Sam Washer

Dr Sam Washer is a Postdoctoral Research Fellow who joined the lab in 2020 to research and develop a genome wide CRISPR screen in iPSC derived microglia to elucidate the role of microglial genetics in Alzheimer’s Disease and Parkinson’s.

From genome wide association studies we have identified a plethora of genes which lead to an increased risk of developing of Alzheimer’s disease or Parkinson’s. With advances in genetic technologies we have identified that some of these risk genes are expressed in the brain within microglia, the cells responsible for “mopping up” dead cells and debris through phagocytosis. However, as with most genes, we have very little knowledge about the role they play in the symphony of the cellular response to pathogens and debris. The standard approach is to remove or “knock-out” one gene at a time and perform a very stringent set of phenotypic assays to assess the role of the gene, however this is very time consuming and laborious and assumes you already have a vague idea what the gene of interest does. Sam’s project aims to address this problem by performing genetic knockout of all genes at once in a massively parallel way to screen phenotypes of interest in relation to microglial function, with the overall aim of identifying novel targets for potential treatments and further exploration. This is a highly collaborative project between Dr Sally Cowley (James Martin Stem Cell Facility), Dr Daniel Ebner (Target Discovery Institute), and Dr Andrew Bassett (Wellcome Trust Sanger Institute), in collaboration with Open Targets (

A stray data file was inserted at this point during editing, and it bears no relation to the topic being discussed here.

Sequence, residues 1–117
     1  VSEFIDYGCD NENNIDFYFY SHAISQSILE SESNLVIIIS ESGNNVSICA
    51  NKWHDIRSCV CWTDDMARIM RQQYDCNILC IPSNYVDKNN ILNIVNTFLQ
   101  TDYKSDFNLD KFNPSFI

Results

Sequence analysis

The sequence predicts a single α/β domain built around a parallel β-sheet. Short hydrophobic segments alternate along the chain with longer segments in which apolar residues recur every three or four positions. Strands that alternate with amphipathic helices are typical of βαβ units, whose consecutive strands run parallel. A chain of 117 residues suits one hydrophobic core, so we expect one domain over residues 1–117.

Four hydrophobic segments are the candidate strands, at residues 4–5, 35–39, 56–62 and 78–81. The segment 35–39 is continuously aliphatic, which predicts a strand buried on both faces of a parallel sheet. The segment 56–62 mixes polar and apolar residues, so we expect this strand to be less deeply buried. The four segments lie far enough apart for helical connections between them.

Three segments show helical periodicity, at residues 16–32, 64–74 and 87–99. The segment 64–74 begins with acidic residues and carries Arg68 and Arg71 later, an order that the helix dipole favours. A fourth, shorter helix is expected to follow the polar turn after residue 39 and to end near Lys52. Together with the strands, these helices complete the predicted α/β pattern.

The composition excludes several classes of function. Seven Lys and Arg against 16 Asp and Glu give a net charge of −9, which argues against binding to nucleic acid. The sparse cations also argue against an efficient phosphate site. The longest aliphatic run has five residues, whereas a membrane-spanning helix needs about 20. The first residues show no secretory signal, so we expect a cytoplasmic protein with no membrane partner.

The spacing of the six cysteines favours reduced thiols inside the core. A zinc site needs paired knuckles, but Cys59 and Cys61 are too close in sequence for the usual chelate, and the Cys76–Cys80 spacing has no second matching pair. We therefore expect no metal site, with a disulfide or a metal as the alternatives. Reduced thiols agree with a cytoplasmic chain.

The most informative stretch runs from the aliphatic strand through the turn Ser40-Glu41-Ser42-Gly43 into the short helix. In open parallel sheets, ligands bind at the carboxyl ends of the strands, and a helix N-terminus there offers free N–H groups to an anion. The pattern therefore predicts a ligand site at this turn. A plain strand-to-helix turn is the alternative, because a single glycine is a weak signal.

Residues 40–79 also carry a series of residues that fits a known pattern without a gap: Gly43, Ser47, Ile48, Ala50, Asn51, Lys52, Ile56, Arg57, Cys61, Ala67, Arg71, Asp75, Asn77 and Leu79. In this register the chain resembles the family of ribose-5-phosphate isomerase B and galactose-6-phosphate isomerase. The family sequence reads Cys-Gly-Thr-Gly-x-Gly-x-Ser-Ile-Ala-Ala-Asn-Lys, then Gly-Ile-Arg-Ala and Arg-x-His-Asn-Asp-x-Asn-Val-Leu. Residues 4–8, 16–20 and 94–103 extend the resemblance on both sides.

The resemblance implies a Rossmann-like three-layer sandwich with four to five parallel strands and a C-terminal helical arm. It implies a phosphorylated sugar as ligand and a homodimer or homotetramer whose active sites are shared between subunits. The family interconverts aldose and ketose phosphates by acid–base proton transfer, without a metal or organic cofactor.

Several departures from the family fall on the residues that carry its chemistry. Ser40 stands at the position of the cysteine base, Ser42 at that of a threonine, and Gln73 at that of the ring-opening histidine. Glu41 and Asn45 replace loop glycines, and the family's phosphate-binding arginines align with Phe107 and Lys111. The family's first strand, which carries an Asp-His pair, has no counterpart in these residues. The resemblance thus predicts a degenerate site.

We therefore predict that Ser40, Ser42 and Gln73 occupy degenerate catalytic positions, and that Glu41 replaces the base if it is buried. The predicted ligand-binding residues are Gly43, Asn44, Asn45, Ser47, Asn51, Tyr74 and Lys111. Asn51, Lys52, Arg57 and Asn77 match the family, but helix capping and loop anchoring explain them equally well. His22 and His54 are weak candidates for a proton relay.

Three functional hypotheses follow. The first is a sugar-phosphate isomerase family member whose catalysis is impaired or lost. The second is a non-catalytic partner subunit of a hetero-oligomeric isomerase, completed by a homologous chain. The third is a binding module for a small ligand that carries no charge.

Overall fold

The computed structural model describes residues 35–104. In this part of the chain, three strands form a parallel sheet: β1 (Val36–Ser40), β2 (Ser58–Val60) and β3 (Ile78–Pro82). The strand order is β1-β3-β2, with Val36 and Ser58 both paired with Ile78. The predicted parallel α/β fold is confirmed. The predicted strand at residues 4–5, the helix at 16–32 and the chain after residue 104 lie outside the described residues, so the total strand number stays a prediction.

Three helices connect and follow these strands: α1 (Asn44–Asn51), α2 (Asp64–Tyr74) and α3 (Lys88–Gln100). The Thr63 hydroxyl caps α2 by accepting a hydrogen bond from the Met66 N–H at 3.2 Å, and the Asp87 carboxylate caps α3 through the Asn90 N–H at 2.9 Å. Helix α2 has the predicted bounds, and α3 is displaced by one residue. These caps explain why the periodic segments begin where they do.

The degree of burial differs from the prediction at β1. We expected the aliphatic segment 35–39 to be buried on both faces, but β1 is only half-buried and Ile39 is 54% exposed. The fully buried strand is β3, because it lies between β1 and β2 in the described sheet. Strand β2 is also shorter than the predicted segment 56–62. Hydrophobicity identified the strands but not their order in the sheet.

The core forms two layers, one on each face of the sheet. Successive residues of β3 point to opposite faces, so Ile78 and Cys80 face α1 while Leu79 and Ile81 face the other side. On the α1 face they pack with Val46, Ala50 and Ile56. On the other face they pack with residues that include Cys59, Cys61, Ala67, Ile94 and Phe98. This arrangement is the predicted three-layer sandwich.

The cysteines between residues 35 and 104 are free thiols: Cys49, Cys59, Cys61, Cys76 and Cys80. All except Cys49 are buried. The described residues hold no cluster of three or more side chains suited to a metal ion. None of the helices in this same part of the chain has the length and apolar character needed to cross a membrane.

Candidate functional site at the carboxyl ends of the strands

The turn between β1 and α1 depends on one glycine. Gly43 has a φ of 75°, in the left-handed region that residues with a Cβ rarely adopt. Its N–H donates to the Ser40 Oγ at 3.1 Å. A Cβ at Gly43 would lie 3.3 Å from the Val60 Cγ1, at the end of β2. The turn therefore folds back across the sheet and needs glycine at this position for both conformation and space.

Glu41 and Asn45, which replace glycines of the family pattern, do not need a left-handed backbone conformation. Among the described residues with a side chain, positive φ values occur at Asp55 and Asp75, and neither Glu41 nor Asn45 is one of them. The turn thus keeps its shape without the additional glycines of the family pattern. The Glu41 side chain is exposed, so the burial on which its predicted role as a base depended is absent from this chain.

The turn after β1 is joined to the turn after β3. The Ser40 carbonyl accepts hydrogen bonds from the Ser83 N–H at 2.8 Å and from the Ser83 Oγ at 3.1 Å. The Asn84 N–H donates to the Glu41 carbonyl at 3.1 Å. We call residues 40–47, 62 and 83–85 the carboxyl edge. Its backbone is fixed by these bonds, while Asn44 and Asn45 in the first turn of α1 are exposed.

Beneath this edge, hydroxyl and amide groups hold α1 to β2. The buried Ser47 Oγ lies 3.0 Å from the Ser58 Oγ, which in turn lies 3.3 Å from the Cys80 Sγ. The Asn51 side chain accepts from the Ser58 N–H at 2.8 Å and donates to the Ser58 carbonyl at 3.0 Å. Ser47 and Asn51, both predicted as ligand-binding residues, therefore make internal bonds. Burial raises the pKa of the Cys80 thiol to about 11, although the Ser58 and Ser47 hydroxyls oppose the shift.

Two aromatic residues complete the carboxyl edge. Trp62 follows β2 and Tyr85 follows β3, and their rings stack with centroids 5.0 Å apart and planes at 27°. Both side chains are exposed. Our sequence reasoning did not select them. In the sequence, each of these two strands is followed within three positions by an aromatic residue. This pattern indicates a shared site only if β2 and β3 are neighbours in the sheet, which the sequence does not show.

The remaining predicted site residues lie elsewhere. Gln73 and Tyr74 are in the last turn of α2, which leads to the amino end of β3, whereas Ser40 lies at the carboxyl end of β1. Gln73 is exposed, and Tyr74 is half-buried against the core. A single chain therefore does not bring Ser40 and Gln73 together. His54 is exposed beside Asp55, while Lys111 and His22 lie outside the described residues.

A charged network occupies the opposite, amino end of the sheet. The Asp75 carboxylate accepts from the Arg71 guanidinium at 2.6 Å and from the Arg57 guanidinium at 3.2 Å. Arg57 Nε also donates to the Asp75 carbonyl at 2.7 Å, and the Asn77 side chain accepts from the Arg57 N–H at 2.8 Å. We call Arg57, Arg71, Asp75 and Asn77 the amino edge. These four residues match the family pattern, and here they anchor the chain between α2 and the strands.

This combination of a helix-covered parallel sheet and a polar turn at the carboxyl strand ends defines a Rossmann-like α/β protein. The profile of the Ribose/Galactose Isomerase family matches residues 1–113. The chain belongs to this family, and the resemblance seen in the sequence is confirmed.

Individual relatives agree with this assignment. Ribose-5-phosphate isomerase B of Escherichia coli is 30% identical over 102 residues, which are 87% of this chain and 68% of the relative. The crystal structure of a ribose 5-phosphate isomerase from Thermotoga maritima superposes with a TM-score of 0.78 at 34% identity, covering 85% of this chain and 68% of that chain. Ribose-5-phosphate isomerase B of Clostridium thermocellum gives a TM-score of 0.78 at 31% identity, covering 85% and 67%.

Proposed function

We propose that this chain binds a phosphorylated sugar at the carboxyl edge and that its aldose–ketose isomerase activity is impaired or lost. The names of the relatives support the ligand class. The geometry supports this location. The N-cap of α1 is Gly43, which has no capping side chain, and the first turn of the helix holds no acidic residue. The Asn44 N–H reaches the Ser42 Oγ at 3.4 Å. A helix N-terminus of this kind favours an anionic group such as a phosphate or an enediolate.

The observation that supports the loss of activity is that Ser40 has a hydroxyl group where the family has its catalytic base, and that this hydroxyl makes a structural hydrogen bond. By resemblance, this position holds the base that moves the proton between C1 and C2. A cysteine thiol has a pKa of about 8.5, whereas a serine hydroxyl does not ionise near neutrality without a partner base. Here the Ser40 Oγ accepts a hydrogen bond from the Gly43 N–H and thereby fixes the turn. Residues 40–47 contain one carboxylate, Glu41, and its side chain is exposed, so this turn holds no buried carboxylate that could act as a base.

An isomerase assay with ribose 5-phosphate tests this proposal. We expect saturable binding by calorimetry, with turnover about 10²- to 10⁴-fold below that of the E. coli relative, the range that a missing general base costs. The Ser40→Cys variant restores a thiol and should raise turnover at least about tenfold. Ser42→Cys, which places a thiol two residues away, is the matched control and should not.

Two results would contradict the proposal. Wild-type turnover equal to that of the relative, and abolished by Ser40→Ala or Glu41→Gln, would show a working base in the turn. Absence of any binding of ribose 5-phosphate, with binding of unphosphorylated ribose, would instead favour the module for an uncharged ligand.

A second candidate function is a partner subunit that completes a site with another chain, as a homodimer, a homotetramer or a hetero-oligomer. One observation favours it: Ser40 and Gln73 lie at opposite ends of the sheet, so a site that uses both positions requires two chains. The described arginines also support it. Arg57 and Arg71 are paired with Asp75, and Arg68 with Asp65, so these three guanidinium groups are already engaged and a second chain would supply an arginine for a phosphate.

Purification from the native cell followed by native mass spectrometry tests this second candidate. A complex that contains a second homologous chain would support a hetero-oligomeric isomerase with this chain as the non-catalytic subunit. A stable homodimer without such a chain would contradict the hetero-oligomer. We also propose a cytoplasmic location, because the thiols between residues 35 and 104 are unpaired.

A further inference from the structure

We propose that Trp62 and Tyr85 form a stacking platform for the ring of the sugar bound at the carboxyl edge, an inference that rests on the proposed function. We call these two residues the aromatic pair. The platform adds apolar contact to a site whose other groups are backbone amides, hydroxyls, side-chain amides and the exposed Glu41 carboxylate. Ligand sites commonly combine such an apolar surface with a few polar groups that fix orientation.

Prior to joining the lab Sam graduated from the University of Exeter in 2016 with a BSc in Medical Sciences with a Professional Training Year, having spent a year at Newcastle University. At Newcastle he researched the genetics of cardiovascular development and the role of alternative splicing in planar cell polarity in zebrafish. Alongside this he generated knockout zebrafish lines using the relatively new technique (at the time) CRISPR/Cas9. Sam enjoyed the South West so much he remained at Exeter for his PhD (2016-20) with Dr Emma Dempster and Professor Jonathan Mill in the Complex Disease Epigenomics Group. Here he translated his knowledge of genetic CRISPR techniques to epigenetic markers, specifically DNA methylation. During his PhD he developed a CRISPR/Cas9 method for editing DNA methylation in cell models to examine how DNA methylation regulates gene expression in neuropsychiatric disorders including Schizophrenia and Alzheimer’s disease.